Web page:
(Mr Andrew Smith) I would hesitate to express it in those terms, Chairman, but my very firm understanding is that it is to compensate. Yes, there is an element of course of judgment and statistical assessment here, not merely for revenue foregone through taxes on gambling but revenue foregone more generally from the expenditure which is thereby displaced.

Derek Wyatt

  613. Your own evidence states, paragraph 2, page 63, "It has been difficult to determine whether this intention has been delivered" in respect to it being revenue neutral. If it is difficult, forgive me, how do the statisticians know it is or not. I am confused.
  (Mr Andrew Smith) As I said, of course, there is a matter of judgment and statistical assessment there. All I can say is that that is the best advice that I have. I do not know whether David Knight from Customs & Excise can add anything to that.
  (Mr Knight) I am not a statistician myself but my understanding is that the range of revenue neutrality was calculated at between 12 and 15 per cent, and the judgment at the time was to set the figure at the lower end of that range. It is a recalculation which has been done from time to time to see if it holds good, and there has been remarkably little fluctuation over the time since the Lottery was introduced. The point about whether you can say definitively post facto that revenue neutrality has been achieved is simply the fact that of course nobody can know exactly what the spending on the Lottery has substituted for. We can only do it on the basis of a basket of alternative goods.

  614. I will be corrected but I think the total spend on the Lottery is about £5 billion. That is not winnings, that is on projects right across the board for the five or six commissions, and they all pay VAT on that work, whether it is the Dome or the Kew Gardens Seed Bank, so you get a huge amount of revenue on top of the revenue neutral element. Are you saying that the VAT is not part of the revenue neutral or is part of the revenue neutral?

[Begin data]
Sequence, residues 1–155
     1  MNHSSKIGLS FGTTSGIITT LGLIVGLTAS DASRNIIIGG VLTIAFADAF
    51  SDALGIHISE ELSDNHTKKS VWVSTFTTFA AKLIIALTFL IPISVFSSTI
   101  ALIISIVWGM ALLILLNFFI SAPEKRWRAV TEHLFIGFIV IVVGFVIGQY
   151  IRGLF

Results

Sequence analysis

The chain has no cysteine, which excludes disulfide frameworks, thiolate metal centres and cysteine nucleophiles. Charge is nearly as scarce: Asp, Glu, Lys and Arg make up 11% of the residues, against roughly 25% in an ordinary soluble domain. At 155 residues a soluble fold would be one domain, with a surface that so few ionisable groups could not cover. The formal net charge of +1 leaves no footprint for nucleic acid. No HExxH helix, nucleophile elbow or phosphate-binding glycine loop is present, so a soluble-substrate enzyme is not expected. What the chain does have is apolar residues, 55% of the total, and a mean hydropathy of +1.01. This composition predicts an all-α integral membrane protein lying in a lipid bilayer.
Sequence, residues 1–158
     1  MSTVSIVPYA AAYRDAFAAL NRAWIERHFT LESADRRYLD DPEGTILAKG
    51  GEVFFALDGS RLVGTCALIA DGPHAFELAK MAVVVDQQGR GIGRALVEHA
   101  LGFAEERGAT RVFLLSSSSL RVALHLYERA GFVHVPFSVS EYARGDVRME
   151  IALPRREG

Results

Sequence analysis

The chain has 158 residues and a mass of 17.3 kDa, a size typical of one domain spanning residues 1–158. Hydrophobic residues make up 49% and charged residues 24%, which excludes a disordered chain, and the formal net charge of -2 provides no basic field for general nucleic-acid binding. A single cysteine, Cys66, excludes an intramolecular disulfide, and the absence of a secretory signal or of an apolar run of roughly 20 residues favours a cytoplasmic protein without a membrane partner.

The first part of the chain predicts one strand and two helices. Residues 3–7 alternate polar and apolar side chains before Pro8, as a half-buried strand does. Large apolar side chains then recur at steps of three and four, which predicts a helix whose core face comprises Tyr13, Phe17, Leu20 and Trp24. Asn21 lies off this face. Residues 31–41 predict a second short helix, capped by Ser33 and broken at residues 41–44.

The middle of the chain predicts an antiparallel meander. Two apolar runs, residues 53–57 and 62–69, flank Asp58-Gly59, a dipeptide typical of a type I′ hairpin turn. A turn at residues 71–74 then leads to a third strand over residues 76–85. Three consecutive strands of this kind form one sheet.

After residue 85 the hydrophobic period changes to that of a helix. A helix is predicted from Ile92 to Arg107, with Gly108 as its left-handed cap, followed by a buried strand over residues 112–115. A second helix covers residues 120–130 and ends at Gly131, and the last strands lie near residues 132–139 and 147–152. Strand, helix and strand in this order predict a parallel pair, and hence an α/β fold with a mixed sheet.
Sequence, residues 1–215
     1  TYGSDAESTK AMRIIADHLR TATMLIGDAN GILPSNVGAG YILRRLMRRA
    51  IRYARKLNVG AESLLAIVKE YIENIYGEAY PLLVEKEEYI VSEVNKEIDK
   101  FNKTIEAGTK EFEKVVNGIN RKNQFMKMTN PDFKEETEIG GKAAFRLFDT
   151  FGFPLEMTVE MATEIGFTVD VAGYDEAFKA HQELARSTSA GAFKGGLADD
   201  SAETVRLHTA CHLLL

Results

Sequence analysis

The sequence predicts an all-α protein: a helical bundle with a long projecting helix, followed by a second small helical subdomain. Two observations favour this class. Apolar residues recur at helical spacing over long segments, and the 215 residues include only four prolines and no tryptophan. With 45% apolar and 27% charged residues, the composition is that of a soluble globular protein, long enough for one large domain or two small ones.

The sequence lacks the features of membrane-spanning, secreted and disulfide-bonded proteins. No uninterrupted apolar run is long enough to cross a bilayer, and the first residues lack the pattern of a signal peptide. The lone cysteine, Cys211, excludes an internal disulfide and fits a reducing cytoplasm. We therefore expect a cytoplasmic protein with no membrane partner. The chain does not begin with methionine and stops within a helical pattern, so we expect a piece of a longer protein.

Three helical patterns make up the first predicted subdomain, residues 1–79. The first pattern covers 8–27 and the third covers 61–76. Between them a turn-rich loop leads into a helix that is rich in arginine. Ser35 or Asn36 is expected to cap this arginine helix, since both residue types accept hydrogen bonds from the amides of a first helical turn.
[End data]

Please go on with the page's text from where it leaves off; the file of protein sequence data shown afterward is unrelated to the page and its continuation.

(Mr Andrew Smith) I think that is a fallacious deduction because the expenditure which was displaced would also have been spent on other things which would also have incurred VAT or other taxes further down the chain. So you have to compare like with like.

  615. Except the 5 billion comes out of people's ticket prices. The Government would not have spent £5 billion on a more or less Keynesian bit of economics, it would not have spent that money—it would have spent it and is spending it on schools—this is additional money, so your VAT is additional. Am I being really dim here?
  (Mr Andrew Smith) As I say, the duty is calculated on the basis of what you need to take in to compensate for the revenue foregone elsewhere, and in that sense it should be neutral.

  616. I would love it, Chairman, if the statisticians could deliver this in a way I could understand it, because I have to say I am not at all certain it is revenue neutral.
  (Mr Andrew Smith) I would be very happy to give you whatever further statistical calculations and the evidence on the baskets of goods and services on which it is computed, to try and satisfy your point.